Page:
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Osteoporos Int. 2013 Feb;24(2):581-93. doi: 10.1007/s00198-012-1997-7. Epub 2012 May 10.

Estimating the excess costs for patients with incident fractures, prevalent fractures, and nonfracture osteoporosis.

Author information

1
Department of Clinical Epidemiology and Biostatistics, Faculty of Health Science, McMaster University, Hamilton, ON, Canada. hopkinr@mcmaster.ca

Abstract

SUMMARY:

Based on a population age 50+, significant excess costs relative to matched controls exist for patients with incident fractures that are similar in relative magnitude to other chronic diseases such as stroke or heart disease. Prevalent fractures also have significant excess costs that are similar in relative magnitude to asthma/chronic obstructive pulmonary disease.

INTRODUCTION:

Cost of illness studies for osteoporosis that only include incident fractures may ignore the long-term cost of prevalent fractures and primary preventive care. We estimated the excess costs for patients with incident fractures, prevalent fractures, and nonfracture osteoporosis relative to matched controls.

METHODS:

Men and women age 50+ were selected from administrative records in the province of Manitoba, Canada for the fiscal year 2007-2008. Three types of cases were identified: (1) patients with incident fractures in the current year (2007-2008), (2) patients with prevalent fractures in previous years (1995-2007), and (3) nonfracture osteoporosis patients identified by specific pharmacotherapy or low bone mineral density. Excess resource utilization and costs were estimated by subtracting control means from case means.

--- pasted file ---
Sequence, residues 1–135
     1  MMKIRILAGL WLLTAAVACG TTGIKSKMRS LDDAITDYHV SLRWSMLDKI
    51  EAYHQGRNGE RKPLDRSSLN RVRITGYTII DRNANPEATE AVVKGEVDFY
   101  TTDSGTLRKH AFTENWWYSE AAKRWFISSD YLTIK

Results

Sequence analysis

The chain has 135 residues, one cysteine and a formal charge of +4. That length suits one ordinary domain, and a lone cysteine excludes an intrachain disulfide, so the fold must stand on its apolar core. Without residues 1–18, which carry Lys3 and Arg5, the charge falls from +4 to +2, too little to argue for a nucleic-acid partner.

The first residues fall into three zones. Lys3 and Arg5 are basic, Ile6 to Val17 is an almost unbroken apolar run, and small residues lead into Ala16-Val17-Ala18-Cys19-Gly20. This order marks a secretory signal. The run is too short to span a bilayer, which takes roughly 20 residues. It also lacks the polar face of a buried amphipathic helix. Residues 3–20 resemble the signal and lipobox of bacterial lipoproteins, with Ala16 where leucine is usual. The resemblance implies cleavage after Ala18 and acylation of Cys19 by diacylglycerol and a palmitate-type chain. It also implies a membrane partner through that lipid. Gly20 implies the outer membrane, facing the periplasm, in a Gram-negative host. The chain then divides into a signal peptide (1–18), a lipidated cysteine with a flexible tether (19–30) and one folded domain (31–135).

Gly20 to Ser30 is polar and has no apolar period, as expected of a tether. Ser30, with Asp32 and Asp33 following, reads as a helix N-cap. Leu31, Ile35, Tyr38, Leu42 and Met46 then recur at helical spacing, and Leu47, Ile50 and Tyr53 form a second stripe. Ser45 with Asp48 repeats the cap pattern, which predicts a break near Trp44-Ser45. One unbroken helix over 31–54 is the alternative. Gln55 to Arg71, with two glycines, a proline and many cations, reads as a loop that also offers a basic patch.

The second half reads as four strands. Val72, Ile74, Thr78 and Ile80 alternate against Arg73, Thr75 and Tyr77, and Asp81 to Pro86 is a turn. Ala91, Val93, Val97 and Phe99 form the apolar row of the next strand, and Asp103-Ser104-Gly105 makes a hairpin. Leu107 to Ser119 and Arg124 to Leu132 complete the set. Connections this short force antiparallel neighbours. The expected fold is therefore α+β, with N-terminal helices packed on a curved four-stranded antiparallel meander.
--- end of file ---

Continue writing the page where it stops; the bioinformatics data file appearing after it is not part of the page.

RESULTS:

Seventy-three percent of provincial population age 50+ (52 % of all men and 91 % of all women) were included (121,937 cases, 162,171 controls). There were 3,776 cases with incident fracture (1,273 men and 2,503 women), 43,406 cases with prevalent fractures (15,784 men and 27,622 women) and 74,755 nonfracture osteoporosis cases (7,705 men and 67,050 women). All incident fractures had significant excess costs. Incident hip fractures had the highest excess cost: men $44,963 (95 % CI: $38,498-51,428) and women $45,715 (95 % CI: $36,998-54,433). Prevalent fractures (other than miscellaneous or wrist fractures) also had significant excess costs. No significant excess costs existed for nonfracture osteoporosis.

CONCLUSION:

Significant excess costs exist for patients with incident fractures and with prevalent hip, vertebral, humerus, multiple, and traumatic fractures. Ignoring prevalent fractures underestimate the true cost of osteoporosis.

PMID:
22572964
PMCID:
PMC5110319
DOI:
10.1007/s00198-012-1997-7
[Indexed for MEDLINE]
Free PMC Article

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